A test of our humanityBMJ 2015; 350 doi: https://doi.org/10.1136/bmj.h3031 (Published 04 June 2015) Cite this as: BMJ 2015;350:h3031
- Navjoyt Ladher, clinical editor, The BMJ
Last week UK newspapers carried reports from the Greek island of Kos, with anguished British tourists complaining about their holidays being spoilt by Syrian refugees fleeing to the island and declaring they would go elsewhere for their summer break next year. If the reaction from these holidaymakers has you wondering about our compassion, the Australian government’s response to the migrant crisis makes for grim reading.
As part of Australia’s “stop the boats” policy, people arriving by boat in Australian waters are moved to offshore immigration detention centres on Pacific islands. Healthcare workers have described conditions in these centres as “appalling,” with reports of substandard medical care, abuse of children, and unhygienic accommodation. As Michael Woodhead reports from Sydney this week (doi:10.1136/bmj.h3008), under new legislation enacted as part of the policy doctors face two years in jail if they raise concerns about mistreatment of asylum seekers in detention centres. Barri Phataford, co-founder of Doctors for Refugees and a GP in Sydney, said, “This policy is a fail on every level. Not only does it clearly compromise the safety and health of those in detention, it puts Australian registered doctors in an ethical and legal conflict.”
In an editorial this week David Berger and Kamran Abbasi call for moral leadership from Australia and other western democracies in their treatment of refugees (doi:10.1136/bmj.h2907). Berger and Abbasi look to the past and warn that turning a blind eye to the plight of refugees doesn’t make these problems go away: “They only get worse and eventually blow up in violent and entirely predictable ways, as the deaths of millions during the second world war and subsequently attest.”
What is needed from politicians? “Moral leadership and global statesmanship must supplant a self interested, parochial political agenda . . . The health and welfare of refugees is a test of our humanity, a test that we are failing once again.”
In the UK, health leaders’ plans to implement seven day working and to save £22bn through efficiency measures are under way. In a new briefing the Nuffield Trust has highlighted the problem of staff burnout in the NHS and urged the government to prioritise “reconnecting with the NHS workforce and ensuring staff feel valued in their work,” as Gareth Iacobucci reports (doi:10.1136/bmj.h3004). The trust also cautioned the NHS to reduce its reliance on agency staff, noting an £800m increase in spending on contract and agency staff in NHS hospital trusts in the past financial year. Simon Stevens, chief executive of NHS England, said in an interview with the BBC’s Andrew Marr that tackling overspending on agency staff was important.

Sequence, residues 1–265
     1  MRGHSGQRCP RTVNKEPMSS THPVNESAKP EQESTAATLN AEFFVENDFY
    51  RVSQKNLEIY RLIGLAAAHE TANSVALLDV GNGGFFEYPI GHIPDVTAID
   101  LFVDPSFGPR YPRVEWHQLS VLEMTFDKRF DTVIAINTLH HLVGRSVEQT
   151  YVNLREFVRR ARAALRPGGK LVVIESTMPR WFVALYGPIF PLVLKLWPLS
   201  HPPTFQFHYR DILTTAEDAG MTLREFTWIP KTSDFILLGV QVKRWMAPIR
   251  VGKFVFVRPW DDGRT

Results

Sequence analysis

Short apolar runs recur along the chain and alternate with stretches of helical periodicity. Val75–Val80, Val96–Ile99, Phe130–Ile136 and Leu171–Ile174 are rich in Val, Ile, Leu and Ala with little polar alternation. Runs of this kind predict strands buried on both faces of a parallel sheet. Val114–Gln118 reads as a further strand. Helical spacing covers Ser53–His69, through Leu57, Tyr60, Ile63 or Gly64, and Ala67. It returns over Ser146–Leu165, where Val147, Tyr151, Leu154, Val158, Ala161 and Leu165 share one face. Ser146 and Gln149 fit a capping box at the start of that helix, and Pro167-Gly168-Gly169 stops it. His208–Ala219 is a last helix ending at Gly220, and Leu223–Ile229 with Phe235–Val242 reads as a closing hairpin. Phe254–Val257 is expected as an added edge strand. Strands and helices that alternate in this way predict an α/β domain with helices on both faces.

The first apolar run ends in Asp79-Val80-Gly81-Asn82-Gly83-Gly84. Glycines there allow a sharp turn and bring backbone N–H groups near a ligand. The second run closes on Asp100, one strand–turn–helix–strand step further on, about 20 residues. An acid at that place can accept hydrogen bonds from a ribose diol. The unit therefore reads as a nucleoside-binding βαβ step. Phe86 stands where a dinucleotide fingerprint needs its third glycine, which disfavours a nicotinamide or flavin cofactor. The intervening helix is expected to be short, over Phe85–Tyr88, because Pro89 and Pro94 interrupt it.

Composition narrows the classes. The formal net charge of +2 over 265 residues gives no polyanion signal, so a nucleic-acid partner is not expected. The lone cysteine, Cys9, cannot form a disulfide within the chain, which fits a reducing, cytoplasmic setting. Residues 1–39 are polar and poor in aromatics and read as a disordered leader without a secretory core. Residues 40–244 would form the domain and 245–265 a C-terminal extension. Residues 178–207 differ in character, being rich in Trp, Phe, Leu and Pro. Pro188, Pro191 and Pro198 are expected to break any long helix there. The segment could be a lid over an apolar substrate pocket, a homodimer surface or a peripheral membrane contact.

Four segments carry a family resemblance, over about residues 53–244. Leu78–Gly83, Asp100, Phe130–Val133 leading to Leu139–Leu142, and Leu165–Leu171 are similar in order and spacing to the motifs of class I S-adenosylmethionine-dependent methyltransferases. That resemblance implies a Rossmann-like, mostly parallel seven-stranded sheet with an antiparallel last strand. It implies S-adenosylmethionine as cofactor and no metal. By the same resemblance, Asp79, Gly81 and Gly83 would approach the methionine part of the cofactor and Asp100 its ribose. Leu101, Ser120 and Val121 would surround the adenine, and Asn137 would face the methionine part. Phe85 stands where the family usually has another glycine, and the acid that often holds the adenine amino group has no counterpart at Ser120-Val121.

Jeremy Hunt has pledged to cap total agency staff spending for each NHS trust in financial difficulty. As Hunt begins his second term as health secretary, Nicholas Timmins speaks to 10 previous holders of the job (doi:10.1136/bmj.h2954) and asks: what’s the role of a health secretary anyway? Views are mixed. Some have come to office at a time when policy reform was needed, while others have stewarded the NHS through steadier times. As Virginia Bottomley put it, “Sometimes you want a window breaker and sometimes you want a glazier.” All agreed that ministers should not be involved in the day to day management of the NHS, but opinion varied as to how far ministers were distanced from operational issues.
Does staff burnout count as an operational issue? Perhaps not, but it is hard to see Hunt’s ambitious plans for the NHS getting far without attention to the wellbeing of the NHS workforce.
Cite this as: BMJ 2015;350:h3031